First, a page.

A Different Take on Freedom and Writing

by Matilda Butler on July 4, 2013

catnav-interviews-active-3Post #105 – Memoir Writing – Kendra Bonnett and Matilda Butler

Freedom. Independence. Celebrations. The Fourth of July. And Even a Writing Prompt

2013-fireworks-memoirIf you happen to read this blog post on July 4th, then you are probably being bombarded with sales emphasizing the word freedom. Since we’re all memoir writers, I wanted to offer you a different take on freedom. One that doesn’t involve a sale. One that may surprise you as much as it did me.

The idea began the other evening as I watched the NewsHour on PBS and saw Jeffrey Brown’s interview with the lead guitarist of the Phish, Trey Anastasio. I am guessing that many of the readers of this blog have heard of Phish either because you became fans over the years since the band started in 1983 or because you have children who are fans. Anastasio is considered one of the top 100 guitarists in America and recently he even played with the National Symphony Orchestra. A pretty interesting person with a diverse music background. If you don’t happen to know Phish, let me add that the four-person band is known for lengthy improvisations. Fans have come to expect the jamming and enjoy how this approach makes each concert unique.

When asked about the jamming, Anastasio responded:

The way I see it, the freedom comes with an enormous amount of discipline first.

Then he went on to explain:

There’s lots and lots of hidden work and practicing that gets you to the point where you can play like that. And one of the things that we used to do as a band with Phish is that we would do jamming exercises.

Here are a couple of following lines from the interview:

JEFFREY BROWN: Jamming exercises.

TREY ANASTASIO: We didn’t want it to be a big mush of, you know, navel-gazing, self-indulgent solos.

JEFFREY BROWN: You wanted organized jam?

TREY ANASTASIO: We wanted organized jamming, yes.

So we would do very elaborate listening exercises where we would go around in a circle, and each musician would start a phrase, and then the other three would have to join in harmony or rhythmically.

We used to do rushing and dragging tempo exercises in a circle. It would be each person’s turn to drag, and if they dragged, we would have to go with them fearlessly. And if they rushed, we’d go with them fearlessly.

By now, you probably get my take on freedom and writing. If you want to write well, if you want it to seem easy, if you want your readers to enjoy the flow of your writing, then you need lots of practice and lots of exercises.

Glass Half Empty, Glass Half Full

While I was thinking about the way that freedom requires practice, I also realized that we are now half way through reaching the goals that we set out for ourselves on January 1. Did you make a series of New Year’s Resolutions? I’ve read that about 45% of people do.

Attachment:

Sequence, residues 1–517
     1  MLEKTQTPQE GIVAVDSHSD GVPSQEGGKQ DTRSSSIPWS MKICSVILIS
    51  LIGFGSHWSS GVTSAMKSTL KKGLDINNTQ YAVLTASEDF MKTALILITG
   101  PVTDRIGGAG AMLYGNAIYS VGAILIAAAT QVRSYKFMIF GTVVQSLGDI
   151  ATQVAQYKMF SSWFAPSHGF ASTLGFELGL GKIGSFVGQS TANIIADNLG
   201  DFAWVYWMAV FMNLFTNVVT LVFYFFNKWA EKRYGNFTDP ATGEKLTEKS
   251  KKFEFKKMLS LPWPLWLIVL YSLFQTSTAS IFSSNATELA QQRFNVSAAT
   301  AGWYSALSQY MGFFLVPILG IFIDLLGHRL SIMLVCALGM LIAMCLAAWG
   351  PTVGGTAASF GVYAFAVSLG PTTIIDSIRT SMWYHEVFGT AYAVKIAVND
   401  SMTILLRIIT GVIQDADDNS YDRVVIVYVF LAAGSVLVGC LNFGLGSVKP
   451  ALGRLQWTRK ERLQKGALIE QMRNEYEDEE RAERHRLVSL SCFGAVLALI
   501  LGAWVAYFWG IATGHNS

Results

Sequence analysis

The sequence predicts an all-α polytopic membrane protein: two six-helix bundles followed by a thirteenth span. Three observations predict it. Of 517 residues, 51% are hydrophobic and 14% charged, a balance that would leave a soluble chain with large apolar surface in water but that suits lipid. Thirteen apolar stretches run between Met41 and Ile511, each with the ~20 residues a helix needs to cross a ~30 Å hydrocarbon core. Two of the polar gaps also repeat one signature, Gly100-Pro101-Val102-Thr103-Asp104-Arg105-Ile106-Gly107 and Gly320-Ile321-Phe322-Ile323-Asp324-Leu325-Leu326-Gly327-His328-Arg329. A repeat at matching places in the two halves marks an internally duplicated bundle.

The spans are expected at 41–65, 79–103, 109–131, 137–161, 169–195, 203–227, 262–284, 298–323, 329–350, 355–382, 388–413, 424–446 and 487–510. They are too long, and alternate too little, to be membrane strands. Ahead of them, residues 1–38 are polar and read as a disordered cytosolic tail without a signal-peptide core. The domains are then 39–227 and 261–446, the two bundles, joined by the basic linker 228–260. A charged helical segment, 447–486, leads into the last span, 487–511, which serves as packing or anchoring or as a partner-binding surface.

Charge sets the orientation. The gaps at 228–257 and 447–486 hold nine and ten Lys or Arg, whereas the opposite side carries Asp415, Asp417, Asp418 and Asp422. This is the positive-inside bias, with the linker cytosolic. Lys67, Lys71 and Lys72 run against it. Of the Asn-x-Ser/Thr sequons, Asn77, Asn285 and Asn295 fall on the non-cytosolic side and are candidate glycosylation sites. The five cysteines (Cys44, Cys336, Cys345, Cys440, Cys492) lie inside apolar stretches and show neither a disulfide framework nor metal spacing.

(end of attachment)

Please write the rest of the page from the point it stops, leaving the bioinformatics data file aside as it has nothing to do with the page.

If you have resolutions about your writing, are you achieving them? Don’t worry. I am of the Glass Half Full clan (although I have mixed heritage — my mother was of the Glass Half Empty clan while my father was of the Glass Half Full clan). This means that there are still six more months to achieve the 2013 writing goals. Didn’t make any resolutions? Now is a good time to consider:

How often you will sit to write.
How many words you will write each time.
What end goal you wish to achieve by December 31.

One thing’s for sure. To write with true freedom, to find your own voice, your own style, your own strengths, you need practice. While Kendra and I think the strategy for writing that we lay out in our award-winning book Writing Alchemy: How to Write Fast and Deep provides you systematic practice, you may already have your own strategies in place.

Either way, we urge you to take your writing seriously and to make regular progress throughout the coming six months.

If there is anyway that we can help you achieve freedom through discipline, do let us know. We love hearing from you and helping you along the way.

Memoir Writing Prompt

We hope that this discussion of the importance of consistent writing will give you a nudge to refocus on your writing goals. And as has been found in field after field, writing down your goals and achievements is the way to make it all happen. So we suggest:

1. Write what you would like to accomplish in the next six months. Be as specific as possible.

2. Write down how often you intend to write and for how long each time. Can you write for 30 minutes each day? Maybe you can only write on the weekends. In that case, you’ll need to write for longer periods of time.

3. Where will you write? Some people find a Starbucks or Peet’s or name your favorite coffee shop. Others like the surroundings of home. We know of authors who take over a place in the attic. Try to have a regular “go to” writing place.

Then keep a log, a writing log, over the next month. It will help you achieve your goals.

Happy July 4th. Find your writing freedom through discipline and practice.

{ 2 comments… read them below or add one }

Pamela Jane July 16, 2013 at

Matilda, what a wonderful post! It’s so true that good writing writing takes tremendous discipline. If an idea strikes you, and you have not made writing practice a discipline, most likely that flash of inspiration will go to waste. We have to work those memoir muscles!

Matilda Butler July 16, 2013 at

Pamela: You are definitely a disciplined writer so it means a lot that this blog post resonated with you. It is so much easier to THINK about writing than to DO writing. Reminding ourselves that it is just another discipline with goals to be accomplished helps. There really is nothing hard or magical about it. We just need to work our writing muscles.

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